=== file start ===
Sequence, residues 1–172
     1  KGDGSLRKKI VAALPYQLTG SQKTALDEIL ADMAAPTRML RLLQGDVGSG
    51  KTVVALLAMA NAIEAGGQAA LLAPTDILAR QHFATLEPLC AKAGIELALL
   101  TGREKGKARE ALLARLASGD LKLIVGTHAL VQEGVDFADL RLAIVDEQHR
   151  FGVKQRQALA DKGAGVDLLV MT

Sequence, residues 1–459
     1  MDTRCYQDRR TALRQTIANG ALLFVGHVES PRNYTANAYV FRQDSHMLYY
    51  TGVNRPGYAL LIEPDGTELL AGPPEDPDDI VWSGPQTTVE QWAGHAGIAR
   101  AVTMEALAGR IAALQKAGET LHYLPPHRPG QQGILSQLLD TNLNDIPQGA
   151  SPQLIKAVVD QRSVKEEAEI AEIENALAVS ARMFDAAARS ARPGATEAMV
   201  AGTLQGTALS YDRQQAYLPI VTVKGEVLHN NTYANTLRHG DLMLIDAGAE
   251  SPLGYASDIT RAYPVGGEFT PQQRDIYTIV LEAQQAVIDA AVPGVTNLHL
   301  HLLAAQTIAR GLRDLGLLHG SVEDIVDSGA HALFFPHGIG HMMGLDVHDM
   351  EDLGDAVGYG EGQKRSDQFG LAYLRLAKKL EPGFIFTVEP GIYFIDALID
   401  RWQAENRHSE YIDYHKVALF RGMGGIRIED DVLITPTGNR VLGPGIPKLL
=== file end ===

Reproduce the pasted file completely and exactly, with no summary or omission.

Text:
Sequence, residues 1–172
     1  KGDGSLRKKI VAALPYQLTG SQKTALDEIL ADMAAPTRML RLLQGDVGSG
    51  KTVVALLAMA NAIEAGGQAA LLAPTDILAR QHFATLEPLC AKAGIELALL
   101  TGREKGKARE ALLARLASGD LKLIVGTHAL VQEGVDFADL RLAIVDEQHR
   151  FGVKQRQALA DKGAGVDLLV MT

Sequence, residues 1–459
     1  MDTRCYQDRR TALRQTIANG ALLFVGHVES PRNYTANAYV FRQDSHMLYY
    51  TGVNRPGYAL LIEPDGTELL AGPPEDPDDI VWSGPQTTVE QWAGHAGIAR
   101  AVTMEALAGR IAALQKAGET LHYLPPHRPG QQGILSQLLD TNLNDIPQGA
   151  SPQLIKAVVD QRSVKEEAEI AEIENALAVS ARMFDAAARS ARPGATEAMV
   201  AGTLQGTALS YDRQQAYLPI VTVKGEVLHN NTYANTLRHG DLMLIDAGAE
   251  SPLGYASDIT RAYPVGGEFT PQQRDIYTIV LEAQQAVIDA AVPGVTNLHL
   301  HLLAAQTIAR GLRDLGLLHG SVEDIVDSGA HALFFPHGIG HMMGLDVHDM
   351  EDLGDAVGYG EGQKRSDQFG LAYLRLAKKL EPGFIFTVEP GIYFIDALID
   401  RWQAENRHSE YIDYHKVALF RGMGGIRIED DVLITPTGNR VLGPGIPKLL